Tried On Hats, Kept a Couple
I cut my teeth over two years at a mom-and-pop inbound agency, then took a junior marketing role for a federal IT contractor, and finally set out on my own to write sales copy full-time at the start of 2016.
But then something hit me. At all my past jobs, there was always someone I could count on to handle the technical stuff - e.g. Oh, this opt-in form is broken. Guess I’ll send it to the dev team… or I thought I knew how to add a new slide to this jQuery carousel, but I’ve been Googling for over an hour, and this code looks like Cantonese…
That luxury was gone. If I needed help, there was nobody to call. I knew both me and my clients would be better off if I had a solid foundation of tech literacy.
Not just “enough to be dangerous” either. I wanted real functional knowledge.
“I couldn’t possibly write the variety of books I manage to do out of the knowledge I had gained in school alone. I had to keep a program of self-education in process. My library of reference books grew and I found I had to sweat over them in my constant fear that I might misunderstand a point that to someone knowledgeable in the subject would be a ludicrously simple one.” – Isaac Asimov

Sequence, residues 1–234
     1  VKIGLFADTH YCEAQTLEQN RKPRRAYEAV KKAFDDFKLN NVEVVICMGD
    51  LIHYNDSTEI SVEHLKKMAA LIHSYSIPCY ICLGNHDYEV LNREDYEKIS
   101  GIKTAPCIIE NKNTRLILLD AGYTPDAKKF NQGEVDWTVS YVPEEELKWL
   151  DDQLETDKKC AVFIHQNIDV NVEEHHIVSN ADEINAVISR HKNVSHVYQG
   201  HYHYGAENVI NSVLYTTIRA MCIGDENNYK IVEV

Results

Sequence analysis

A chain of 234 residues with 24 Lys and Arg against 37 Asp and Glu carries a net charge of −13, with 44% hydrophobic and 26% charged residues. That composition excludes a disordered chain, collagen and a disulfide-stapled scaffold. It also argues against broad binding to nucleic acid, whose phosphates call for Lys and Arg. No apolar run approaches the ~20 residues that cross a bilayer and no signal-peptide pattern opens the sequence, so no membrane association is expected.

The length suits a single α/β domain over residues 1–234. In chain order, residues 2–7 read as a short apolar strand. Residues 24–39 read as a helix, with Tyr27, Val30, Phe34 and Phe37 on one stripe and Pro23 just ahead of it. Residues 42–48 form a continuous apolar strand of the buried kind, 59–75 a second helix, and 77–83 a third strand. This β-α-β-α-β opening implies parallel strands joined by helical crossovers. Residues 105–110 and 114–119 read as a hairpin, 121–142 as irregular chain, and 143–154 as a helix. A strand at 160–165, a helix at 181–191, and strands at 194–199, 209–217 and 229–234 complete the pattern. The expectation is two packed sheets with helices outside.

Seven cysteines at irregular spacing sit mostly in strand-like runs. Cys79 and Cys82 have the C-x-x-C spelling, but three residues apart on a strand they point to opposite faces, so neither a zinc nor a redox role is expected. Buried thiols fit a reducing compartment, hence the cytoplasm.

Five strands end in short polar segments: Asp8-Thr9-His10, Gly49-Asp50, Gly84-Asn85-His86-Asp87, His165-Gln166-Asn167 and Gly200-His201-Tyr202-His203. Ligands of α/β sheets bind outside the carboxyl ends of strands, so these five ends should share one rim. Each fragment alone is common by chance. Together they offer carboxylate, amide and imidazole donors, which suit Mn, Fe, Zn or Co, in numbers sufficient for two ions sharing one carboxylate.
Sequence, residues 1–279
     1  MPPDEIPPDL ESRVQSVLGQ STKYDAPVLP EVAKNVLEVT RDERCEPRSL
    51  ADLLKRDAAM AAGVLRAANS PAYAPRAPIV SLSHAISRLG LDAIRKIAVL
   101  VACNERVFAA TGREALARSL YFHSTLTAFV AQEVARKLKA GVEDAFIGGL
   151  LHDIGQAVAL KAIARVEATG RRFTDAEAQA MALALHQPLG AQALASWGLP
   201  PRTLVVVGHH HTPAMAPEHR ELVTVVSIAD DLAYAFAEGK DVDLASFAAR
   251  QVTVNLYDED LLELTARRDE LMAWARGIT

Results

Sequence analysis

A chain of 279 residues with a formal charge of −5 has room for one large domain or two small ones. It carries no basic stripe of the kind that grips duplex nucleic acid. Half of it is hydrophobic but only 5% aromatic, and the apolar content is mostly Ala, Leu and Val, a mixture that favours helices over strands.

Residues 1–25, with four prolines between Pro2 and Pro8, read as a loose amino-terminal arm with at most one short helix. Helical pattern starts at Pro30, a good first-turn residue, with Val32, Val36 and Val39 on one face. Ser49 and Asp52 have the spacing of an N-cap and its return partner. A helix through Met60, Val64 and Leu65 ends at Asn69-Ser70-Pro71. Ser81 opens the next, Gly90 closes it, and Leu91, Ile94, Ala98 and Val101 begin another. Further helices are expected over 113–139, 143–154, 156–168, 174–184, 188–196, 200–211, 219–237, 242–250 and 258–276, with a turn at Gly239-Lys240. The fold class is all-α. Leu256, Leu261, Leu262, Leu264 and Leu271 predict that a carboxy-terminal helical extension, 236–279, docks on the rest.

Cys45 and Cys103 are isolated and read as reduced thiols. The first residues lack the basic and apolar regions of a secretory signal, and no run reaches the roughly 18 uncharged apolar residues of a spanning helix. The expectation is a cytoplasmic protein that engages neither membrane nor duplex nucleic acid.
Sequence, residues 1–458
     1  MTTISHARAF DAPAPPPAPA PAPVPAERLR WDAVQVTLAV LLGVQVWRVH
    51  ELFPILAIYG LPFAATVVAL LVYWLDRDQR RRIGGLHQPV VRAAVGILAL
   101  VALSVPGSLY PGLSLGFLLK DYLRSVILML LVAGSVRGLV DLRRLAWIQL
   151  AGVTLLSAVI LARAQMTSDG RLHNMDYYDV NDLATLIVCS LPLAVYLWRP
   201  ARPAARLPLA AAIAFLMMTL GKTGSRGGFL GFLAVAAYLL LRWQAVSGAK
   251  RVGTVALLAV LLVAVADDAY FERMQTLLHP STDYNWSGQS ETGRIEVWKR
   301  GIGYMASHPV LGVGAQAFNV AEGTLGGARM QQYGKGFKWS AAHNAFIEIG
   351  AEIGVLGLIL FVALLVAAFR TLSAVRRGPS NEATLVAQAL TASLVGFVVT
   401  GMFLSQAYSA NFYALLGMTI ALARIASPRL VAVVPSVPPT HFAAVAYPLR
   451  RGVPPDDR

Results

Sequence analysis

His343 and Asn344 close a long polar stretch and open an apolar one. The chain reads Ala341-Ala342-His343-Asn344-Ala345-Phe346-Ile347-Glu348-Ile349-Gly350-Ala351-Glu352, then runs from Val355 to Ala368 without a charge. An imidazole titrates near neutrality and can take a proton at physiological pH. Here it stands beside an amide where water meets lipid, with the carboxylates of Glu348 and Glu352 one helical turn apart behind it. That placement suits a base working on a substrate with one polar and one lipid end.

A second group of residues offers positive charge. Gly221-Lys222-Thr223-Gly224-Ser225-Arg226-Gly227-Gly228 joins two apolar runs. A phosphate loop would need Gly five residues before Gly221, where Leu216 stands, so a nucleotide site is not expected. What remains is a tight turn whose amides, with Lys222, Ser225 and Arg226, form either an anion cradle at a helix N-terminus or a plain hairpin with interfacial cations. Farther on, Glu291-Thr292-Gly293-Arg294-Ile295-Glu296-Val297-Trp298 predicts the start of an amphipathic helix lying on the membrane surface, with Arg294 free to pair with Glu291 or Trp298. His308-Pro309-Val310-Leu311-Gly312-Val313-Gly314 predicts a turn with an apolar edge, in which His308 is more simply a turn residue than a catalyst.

I think that quote captures what I’m getting at here: If there’s knowledge out there to make your work better, why not go and learn it?
So that’s what I started doing.
I tested the waters with self-study programs like Codecademy and FreeCodeCamp.
I was only just scratching the surface, but I started enjoying code just as much as copy!
I used to think the non-tech people who said they got “hooked” on coding were just saying it to sound smart, but now I totally get it.
That was about a year ago. Since then, I’ve been lucky enough to keep my freelance business rolling smoothly while still having the time explore and learn.
The way I see it, I’m growing into an onion. I started as an inbound/SEO guy, added a layer of corporate marketing, zeroed in on direct resonse copy, then started rounding out the technical side.
I’m not a generalist, and I don’t expect to be good at everything. I’m just finding intersections between my interests and client needs, then doing my best to grow accordingly.